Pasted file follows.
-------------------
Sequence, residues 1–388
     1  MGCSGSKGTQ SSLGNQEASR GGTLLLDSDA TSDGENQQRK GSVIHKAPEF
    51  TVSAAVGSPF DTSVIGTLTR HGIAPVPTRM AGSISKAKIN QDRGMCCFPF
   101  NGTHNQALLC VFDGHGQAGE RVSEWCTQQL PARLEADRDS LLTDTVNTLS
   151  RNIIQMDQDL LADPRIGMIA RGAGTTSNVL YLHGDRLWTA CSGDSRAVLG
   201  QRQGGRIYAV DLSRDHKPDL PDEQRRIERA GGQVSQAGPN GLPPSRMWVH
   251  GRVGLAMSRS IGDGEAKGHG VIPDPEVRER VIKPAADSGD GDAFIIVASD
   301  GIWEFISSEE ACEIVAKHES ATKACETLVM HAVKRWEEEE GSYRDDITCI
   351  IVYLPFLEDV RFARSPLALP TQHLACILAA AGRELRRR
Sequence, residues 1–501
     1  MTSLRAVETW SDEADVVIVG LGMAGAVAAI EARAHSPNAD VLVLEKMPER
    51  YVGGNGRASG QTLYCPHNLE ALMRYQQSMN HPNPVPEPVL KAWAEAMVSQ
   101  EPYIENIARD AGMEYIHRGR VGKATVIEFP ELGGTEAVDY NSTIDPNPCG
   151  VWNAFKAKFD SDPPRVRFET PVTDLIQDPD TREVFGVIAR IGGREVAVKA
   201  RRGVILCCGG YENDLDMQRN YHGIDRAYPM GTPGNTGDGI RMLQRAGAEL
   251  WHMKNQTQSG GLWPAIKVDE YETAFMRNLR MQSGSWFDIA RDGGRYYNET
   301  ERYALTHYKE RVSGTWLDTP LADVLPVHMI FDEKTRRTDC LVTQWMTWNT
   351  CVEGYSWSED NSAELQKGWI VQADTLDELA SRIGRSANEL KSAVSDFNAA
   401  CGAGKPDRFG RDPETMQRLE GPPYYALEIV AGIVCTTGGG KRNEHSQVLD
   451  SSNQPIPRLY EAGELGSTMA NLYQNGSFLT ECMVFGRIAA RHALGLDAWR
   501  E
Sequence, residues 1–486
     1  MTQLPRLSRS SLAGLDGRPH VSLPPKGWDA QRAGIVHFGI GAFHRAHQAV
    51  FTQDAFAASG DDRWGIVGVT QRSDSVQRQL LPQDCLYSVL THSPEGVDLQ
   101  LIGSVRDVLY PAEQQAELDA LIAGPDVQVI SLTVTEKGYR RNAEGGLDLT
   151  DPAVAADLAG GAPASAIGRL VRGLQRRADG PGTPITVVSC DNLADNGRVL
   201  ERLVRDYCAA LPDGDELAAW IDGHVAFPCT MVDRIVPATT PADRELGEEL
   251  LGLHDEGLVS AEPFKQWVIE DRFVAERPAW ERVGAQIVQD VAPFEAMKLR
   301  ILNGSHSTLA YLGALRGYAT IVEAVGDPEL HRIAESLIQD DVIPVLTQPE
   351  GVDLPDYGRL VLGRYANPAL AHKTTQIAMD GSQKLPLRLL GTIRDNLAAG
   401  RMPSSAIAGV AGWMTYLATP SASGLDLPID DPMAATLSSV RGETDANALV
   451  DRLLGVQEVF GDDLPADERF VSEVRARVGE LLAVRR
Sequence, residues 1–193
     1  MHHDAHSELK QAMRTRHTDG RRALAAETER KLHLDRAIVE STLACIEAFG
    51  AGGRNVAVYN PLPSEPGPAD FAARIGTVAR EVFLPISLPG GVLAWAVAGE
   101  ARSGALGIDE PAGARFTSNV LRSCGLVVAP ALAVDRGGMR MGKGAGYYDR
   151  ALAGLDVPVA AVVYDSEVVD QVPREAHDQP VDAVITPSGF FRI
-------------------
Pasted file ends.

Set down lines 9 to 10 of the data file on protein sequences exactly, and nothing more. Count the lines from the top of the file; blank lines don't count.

   351  IVYLPFLEDV RFARSPLALP TQHLACILAA AGRELRRR
Sequence, residues 1–501